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NAQC Newsroom: Research

Barriers to Implementing Evidence-based Smoking Cessation Practices in Nine Community Mental Health

Tuesday, January 14, 2014  
Posted by: Natalia Gromov
Psychiatr Serv. 2014 Jan 1;65(1):75-80.
Barriers to Implementing Evidence-based Smoking Cessation Practices in Nine Community Mental Health Sites.
Himelhoch S, Riddle J, Goldman HH.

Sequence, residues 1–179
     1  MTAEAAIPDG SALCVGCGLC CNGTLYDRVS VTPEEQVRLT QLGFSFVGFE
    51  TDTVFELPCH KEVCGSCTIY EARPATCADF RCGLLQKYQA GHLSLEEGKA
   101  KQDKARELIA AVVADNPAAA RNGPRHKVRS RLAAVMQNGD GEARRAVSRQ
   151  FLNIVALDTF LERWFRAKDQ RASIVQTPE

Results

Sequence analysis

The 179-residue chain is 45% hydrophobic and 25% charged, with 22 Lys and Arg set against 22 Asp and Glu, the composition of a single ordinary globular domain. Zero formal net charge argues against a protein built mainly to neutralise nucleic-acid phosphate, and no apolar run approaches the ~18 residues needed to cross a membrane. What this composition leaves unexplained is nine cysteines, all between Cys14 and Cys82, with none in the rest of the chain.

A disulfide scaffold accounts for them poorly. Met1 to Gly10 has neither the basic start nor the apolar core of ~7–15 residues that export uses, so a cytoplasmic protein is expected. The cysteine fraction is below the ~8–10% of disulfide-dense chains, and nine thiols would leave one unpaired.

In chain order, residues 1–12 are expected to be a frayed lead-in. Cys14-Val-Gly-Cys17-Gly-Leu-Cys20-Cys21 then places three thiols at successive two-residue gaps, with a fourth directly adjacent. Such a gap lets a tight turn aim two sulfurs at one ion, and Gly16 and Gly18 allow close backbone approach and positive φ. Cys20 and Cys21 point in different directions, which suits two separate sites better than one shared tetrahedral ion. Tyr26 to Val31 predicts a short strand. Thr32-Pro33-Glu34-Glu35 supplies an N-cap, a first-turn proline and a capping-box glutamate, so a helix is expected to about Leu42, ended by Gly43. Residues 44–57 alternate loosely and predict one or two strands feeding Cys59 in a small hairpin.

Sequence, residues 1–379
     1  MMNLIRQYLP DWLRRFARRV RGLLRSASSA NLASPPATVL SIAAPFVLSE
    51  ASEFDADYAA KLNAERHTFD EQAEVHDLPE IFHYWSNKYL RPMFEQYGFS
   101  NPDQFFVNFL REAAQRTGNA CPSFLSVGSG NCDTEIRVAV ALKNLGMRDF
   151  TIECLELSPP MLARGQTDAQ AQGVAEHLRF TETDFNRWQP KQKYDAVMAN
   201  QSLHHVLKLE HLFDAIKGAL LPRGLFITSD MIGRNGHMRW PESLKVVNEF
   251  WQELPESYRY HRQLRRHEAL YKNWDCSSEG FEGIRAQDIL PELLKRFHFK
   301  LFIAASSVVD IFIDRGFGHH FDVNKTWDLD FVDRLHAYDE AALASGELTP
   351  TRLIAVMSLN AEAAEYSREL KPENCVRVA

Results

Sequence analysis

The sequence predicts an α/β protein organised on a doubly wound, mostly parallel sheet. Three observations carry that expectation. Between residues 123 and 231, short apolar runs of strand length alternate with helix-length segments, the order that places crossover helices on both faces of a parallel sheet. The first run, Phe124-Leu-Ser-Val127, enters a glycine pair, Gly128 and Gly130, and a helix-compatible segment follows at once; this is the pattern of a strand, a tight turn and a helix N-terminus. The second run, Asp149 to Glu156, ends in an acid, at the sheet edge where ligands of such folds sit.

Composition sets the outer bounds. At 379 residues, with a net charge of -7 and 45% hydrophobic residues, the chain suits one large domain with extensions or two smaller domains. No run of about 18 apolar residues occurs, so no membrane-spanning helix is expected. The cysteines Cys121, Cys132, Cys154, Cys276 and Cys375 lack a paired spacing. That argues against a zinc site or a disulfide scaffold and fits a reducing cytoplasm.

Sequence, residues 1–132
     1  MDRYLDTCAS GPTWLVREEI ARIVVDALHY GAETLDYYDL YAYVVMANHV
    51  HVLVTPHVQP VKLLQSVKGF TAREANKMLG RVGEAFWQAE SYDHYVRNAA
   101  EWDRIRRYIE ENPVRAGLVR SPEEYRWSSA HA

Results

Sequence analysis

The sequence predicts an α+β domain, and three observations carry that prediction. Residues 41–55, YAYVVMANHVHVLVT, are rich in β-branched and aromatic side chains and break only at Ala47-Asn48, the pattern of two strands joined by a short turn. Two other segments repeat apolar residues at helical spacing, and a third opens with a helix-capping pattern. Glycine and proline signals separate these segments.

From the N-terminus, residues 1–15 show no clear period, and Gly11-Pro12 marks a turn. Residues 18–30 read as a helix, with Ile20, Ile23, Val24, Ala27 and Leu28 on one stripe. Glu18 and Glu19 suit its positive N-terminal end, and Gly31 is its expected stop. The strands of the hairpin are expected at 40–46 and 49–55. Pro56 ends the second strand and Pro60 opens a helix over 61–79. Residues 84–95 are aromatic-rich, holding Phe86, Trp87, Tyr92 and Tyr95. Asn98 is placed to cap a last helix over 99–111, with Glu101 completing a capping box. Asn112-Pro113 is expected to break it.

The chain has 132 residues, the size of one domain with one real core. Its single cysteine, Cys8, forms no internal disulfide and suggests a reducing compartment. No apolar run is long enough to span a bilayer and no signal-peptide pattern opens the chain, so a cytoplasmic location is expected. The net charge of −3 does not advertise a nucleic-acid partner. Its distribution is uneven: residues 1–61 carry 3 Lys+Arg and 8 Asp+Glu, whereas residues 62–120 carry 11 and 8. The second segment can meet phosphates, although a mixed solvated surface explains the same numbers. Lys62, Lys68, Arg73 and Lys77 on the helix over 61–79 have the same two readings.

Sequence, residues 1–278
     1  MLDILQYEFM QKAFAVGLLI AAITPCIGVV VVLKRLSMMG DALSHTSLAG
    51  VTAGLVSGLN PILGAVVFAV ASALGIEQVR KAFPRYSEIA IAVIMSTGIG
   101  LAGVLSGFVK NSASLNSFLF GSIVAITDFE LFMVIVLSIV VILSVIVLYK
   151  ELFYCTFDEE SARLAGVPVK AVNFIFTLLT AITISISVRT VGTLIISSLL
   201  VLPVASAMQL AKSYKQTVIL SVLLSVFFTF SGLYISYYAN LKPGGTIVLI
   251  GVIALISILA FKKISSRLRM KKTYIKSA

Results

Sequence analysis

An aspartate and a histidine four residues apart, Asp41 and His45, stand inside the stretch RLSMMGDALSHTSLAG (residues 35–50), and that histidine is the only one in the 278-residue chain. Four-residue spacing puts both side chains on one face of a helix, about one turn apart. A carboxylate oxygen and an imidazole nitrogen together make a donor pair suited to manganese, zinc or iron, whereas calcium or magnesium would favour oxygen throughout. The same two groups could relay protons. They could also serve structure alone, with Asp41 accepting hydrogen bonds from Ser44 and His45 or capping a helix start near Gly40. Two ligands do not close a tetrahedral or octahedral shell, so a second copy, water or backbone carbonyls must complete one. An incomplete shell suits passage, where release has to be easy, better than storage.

The goal of this study was to evaluate the resources, barriers, and willingness to use evidence-based interventions in mental health settings. Clinicians at nine community mental health settings (five psychosocial rehabilitation programs and four community mental health clinics) in four counties in Maryland were surveyed. Less than half (42%) of the clinicians reported asking their patients about smoking. Less than a third (33%) advised or assisted in smoking cessation. Very few (10%) reported referring identified smokers to telephone quitlines. About a quarter (26%) reported being confident about their ability to provide smoking cessation counseling. A major barrier to providing cessation counseling was the belief that patients were not interested in quitting (77%). On average, clinicians reported a great willingness to use evidence-based smoking cessation interventions if they received appropriate training.

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